Cross border succession-planning and probate can be complicated, particularly where the ‘connecting factors’ (which connect each of us as individuals to a particular set of private international laws) conflict. Problems are exacerbated where couples are nationals of different jurisdictions, where they have real and movable property in a number of different jurisdictions and where they have children from different relationships.

Intended to simplify succession law throughout the EU, European Succession Regulation No.650/2012 (or ‘Brussels IV’) will apply to the estates of individuals dying after 17 August 2015 - and although the UK, Denmark and Ireland have opted out, the Regulation will still affect citizens in these countries with cross border assets.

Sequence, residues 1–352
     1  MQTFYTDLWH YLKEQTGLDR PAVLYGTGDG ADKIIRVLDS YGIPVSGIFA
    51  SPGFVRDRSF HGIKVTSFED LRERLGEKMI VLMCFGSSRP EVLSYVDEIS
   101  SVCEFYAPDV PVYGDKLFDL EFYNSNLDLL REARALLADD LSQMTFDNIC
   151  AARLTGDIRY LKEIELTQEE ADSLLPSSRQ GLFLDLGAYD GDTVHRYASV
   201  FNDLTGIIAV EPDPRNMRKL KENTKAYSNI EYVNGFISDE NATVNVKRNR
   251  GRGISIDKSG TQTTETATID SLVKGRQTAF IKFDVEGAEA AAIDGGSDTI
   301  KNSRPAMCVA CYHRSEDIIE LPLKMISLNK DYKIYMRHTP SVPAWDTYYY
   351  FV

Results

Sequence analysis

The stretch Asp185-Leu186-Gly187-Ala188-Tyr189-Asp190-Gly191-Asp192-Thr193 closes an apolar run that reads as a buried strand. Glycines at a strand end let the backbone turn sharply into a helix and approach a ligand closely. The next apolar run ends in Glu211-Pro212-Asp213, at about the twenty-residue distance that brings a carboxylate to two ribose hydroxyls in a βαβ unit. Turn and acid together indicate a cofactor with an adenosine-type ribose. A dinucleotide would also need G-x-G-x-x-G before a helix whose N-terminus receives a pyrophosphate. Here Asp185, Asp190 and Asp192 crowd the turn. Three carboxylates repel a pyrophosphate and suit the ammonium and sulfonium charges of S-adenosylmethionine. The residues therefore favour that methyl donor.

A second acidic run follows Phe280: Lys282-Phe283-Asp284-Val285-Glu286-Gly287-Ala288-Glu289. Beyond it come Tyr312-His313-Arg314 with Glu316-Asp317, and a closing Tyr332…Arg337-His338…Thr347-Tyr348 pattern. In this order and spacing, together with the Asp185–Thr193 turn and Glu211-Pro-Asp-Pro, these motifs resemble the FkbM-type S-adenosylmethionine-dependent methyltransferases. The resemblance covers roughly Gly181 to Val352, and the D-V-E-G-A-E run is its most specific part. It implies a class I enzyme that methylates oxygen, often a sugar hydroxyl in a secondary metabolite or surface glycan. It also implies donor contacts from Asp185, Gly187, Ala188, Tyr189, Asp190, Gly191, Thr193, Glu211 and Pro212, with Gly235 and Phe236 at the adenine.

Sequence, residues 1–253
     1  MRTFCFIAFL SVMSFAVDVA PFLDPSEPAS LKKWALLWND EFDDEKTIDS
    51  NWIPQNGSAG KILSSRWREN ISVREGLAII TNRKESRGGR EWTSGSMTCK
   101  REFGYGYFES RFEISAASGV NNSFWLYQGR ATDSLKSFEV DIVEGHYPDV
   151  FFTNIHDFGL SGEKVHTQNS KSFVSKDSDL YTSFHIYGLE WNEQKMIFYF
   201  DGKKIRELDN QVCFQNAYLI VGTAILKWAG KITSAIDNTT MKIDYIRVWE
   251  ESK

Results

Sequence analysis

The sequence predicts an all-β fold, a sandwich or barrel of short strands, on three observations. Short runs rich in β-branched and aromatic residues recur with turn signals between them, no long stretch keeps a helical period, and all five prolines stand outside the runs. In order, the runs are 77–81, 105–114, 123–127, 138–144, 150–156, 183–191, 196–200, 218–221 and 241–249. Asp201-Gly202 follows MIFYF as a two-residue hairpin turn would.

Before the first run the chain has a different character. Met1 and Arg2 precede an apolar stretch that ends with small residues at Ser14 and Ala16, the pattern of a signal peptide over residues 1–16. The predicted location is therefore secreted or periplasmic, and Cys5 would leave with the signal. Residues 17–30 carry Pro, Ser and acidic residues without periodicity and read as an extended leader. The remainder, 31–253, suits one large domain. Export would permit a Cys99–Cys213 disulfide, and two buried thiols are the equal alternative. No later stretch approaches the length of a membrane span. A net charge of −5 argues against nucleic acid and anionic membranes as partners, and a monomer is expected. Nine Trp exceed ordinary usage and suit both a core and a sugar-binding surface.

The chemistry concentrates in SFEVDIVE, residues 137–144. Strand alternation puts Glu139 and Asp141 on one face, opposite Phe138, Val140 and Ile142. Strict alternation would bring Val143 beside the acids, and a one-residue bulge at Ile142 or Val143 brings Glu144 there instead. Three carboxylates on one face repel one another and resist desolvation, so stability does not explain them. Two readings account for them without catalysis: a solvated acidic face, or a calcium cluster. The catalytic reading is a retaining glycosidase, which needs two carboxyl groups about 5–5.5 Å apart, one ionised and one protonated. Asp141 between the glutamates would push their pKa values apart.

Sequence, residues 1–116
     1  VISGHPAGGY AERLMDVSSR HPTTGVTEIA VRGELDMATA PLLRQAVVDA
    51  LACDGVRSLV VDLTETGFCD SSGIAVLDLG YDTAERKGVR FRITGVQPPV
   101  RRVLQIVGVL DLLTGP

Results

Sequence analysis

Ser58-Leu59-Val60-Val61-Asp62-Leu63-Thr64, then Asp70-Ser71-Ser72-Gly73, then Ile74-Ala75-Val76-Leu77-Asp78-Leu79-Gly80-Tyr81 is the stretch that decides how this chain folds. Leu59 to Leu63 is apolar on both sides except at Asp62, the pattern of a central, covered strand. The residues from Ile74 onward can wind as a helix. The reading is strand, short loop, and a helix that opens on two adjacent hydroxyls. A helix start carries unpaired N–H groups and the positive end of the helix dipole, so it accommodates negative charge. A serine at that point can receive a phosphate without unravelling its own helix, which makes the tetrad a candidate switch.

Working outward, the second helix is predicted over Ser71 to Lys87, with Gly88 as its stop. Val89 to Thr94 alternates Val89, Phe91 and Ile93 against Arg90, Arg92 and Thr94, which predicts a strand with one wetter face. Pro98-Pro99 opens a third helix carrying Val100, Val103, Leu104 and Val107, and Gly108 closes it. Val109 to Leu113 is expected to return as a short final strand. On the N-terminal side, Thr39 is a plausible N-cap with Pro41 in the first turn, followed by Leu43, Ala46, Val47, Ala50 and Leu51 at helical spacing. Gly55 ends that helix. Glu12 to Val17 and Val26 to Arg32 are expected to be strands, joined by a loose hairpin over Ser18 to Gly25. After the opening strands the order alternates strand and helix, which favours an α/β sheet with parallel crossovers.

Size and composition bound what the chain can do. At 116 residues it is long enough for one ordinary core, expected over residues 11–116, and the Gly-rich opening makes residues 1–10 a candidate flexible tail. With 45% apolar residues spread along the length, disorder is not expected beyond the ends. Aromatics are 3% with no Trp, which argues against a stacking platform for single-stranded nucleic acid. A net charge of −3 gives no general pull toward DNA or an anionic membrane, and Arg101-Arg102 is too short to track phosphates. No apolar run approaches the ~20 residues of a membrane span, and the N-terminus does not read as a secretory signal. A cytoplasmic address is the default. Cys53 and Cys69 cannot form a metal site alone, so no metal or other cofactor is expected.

Far from simplifying matters though, the exercise of opt-outs together with ambiguous drafting has led to experts across Europe to reach different conclusions as to how it will be interpreted.

Practical advice will be given on:

• The building blocks of private international law.

• What Brussels IV was supposed to achieve.

• What are the ambiguities in the Regulation?

• The ‘member states’ versus ‘third state’ conundrum.

• Is it safe from a planning point of view to treat an existing will as an implicit election?

• What can be done to eliminate as much ambiguity as possible?

• How are Brussels IV and specifically the European Succession certificate likely to apply in practice?

Case studies from France and Spain

Speaker: Daniel Harris, associate, Stone King 


The audio webinar will take place at 1300 on 6th May 2015 and is scheduled to last one hour.

Price: £45. 20 per cent discount to Private Client Section members.

Register here